Once upon a time, you imagined your small business, complete with a vision of a steady, comfortable level of activity. Chances are, you realized that was as good as a storybook fantasy soon after you opened your doors. The truth of the matter is, there is a definite ebb and flow of small business ownership.
In the early days, you may find yourself with lots of time on your hands as you build your client base. I remember those early days. I spent lots of time on message boards, attending business events in the community and writing for my blog. As your list of clients grows, your schedule gets busier. You may find yourself scrambling to find the time to do the things related to your own business, like invoicing, marketing and blogging. The temptation is to put your own business on the back burner while you cater to clients, but you know it’s not the wise thing to do.
So how exactly do you wisely navigate the ebb and flow of small business ownership?
1. Prepare for the flow during the ebb.
Use the slower times in your business to simplify your processes.
- Create an intake process for new clients.
- Create automatic or templated email responses to requests for information.
- Create an information packet to quickly and easily share information about your business.
- Create blog posts and stockpile them for busy times.
- Use an invoicing service like Freshbooks, which makes creating, sending and following up on invoices quick and easy.
Simplifying the way your business runs means you’ll need less time to keep it running smoothly when the
2. Create small ebbs during the flows.
When you’re working on several projects for different clients at the same time, you can feel overwhelmed. As difficult as it may seem, it’s important to schedule small ebbs, or down time, into your schedule. It’s not as impossible as it sounds. Never schedule a full 8 hour day with client projects and be sure to add the following to your schedule each day:
- A short mid-morning break for grabbing a coffee, tea or a walk. 15 or 20 minutes will generally do the trick.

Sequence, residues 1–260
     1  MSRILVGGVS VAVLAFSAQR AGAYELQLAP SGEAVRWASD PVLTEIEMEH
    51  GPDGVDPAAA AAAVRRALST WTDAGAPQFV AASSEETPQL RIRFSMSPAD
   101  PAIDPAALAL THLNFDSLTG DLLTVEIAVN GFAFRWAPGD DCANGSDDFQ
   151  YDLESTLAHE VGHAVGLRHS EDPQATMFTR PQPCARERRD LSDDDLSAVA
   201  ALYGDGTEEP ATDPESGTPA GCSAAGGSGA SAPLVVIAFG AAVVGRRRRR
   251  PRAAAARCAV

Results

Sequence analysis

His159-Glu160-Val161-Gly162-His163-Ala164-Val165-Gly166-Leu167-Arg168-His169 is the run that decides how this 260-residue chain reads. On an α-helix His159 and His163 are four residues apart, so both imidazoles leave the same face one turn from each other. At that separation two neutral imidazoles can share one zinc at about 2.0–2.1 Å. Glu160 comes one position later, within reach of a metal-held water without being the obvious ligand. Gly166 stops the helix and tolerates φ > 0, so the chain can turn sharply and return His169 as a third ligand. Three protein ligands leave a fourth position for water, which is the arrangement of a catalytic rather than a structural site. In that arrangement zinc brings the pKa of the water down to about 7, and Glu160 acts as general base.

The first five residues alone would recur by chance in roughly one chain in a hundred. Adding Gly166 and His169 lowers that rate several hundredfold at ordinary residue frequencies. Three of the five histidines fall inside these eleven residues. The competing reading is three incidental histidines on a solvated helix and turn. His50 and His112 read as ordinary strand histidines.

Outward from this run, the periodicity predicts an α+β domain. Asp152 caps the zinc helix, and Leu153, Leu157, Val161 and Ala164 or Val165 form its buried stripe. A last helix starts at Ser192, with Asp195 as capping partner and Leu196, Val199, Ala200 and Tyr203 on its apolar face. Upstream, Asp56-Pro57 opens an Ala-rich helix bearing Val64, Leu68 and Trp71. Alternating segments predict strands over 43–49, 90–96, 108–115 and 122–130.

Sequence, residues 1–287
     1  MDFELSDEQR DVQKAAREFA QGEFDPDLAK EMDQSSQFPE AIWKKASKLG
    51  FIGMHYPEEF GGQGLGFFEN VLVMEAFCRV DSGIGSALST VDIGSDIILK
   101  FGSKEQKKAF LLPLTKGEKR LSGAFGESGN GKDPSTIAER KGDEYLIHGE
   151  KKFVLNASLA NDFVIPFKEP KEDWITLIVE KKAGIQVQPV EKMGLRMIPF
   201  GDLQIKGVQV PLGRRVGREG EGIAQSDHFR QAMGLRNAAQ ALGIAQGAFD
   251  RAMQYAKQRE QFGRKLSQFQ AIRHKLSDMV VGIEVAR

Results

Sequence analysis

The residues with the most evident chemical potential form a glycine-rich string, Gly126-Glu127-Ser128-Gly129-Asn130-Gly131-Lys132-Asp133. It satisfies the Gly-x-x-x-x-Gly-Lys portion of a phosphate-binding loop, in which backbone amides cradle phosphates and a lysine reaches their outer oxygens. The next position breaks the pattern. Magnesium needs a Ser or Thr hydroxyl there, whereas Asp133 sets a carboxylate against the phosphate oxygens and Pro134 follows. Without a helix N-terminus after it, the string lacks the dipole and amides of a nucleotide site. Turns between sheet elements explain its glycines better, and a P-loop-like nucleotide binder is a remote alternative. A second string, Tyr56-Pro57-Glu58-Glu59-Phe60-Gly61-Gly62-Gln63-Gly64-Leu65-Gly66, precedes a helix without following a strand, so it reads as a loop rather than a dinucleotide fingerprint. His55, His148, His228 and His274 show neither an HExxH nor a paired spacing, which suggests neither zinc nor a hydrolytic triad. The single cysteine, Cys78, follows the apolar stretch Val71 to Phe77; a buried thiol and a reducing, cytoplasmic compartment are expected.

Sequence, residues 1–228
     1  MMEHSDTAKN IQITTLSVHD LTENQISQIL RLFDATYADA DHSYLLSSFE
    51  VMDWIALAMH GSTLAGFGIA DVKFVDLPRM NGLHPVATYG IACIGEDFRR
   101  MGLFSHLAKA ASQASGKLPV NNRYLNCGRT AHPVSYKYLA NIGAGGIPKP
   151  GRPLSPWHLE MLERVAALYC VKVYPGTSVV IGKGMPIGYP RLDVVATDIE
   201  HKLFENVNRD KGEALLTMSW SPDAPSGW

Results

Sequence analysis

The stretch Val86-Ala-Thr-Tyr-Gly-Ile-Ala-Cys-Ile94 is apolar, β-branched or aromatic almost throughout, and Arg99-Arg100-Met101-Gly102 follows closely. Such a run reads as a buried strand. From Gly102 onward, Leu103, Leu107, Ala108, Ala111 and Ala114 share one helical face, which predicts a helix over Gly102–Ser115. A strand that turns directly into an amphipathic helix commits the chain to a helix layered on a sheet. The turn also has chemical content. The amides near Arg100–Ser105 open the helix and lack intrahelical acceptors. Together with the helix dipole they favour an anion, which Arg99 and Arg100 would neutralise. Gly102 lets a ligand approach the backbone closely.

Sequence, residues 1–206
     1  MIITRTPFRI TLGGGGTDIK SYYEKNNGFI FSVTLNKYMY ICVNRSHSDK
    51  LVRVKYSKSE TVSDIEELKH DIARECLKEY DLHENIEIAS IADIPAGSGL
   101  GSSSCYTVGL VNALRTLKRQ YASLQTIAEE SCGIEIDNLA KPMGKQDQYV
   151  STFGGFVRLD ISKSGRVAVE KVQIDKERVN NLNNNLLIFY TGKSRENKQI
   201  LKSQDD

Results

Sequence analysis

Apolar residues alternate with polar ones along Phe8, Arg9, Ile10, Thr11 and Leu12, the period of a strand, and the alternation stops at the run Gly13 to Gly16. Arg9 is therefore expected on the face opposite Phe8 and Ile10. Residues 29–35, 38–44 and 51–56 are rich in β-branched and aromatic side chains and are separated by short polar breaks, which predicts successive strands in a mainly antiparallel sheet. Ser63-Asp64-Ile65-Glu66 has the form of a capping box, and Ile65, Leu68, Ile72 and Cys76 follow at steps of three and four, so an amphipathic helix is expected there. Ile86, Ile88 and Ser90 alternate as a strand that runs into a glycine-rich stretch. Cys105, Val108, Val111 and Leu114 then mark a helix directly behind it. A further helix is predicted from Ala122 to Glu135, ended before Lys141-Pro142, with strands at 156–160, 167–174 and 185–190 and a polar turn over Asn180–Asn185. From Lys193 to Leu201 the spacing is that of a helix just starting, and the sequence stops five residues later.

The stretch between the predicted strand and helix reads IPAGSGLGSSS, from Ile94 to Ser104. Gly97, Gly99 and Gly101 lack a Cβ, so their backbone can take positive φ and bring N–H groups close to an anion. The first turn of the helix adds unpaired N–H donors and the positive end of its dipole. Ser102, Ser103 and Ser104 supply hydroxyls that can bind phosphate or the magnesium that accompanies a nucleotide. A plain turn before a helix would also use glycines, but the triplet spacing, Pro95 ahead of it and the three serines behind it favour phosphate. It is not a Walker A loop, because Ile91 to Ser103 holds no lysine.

- At least 30 minutes for lunch. 60 minutes if you can possibly swing it. Eat away from your desk, or at least away from your work. If you must eat at your desk, don’t eat and work. Watch a TedTalk, read a book, sit in the sunshine.
- Schedule phone calls. Taking phone calls can set your schedule back tremendously. Consider using a scheduling app of some sort so you can take calls during certain hours or even on certain days. Set your voicemail message up to ask callers to schedule a call and then let the phone go to voicemail. Turn the ringer off if you’re the type of person who has a hard time not answering the phone when it rings.
- Schedule time for your own business. Be sure that you set aside an hour or two each business day for taking care of your own business needs. It doesn’t have to be the same time each day. Use that time for things like attending local business group events, attending seminars or webinars, doing invoicing, answering emails and inquiries, writing blog posts and marketing. If you’ve been wise during the ebbs in your business, your processes will be streamlined, making just an hour or two a day plenty of time to get things done.
- Stick to your work day hours. Don’t be tempted to work ridiculously long hours or weekends. Getting a break from your business is an important element for success. It helps maintain the ebb and flow in your small business, even during extremely busy times.
Even though you may have fantasized about the perfect degree of activity your business would do, don’t be discouraged by the fact that reality doesn’t come with a steady level of business projects. Rather than bouncing between feeling like you’re over your head and treading water and lying around like a fish out of water, having steps you can take during both can mean smooth sailing. Remember, just like the tides, it’s perfectly normal to experience an ebb and flow in your small business.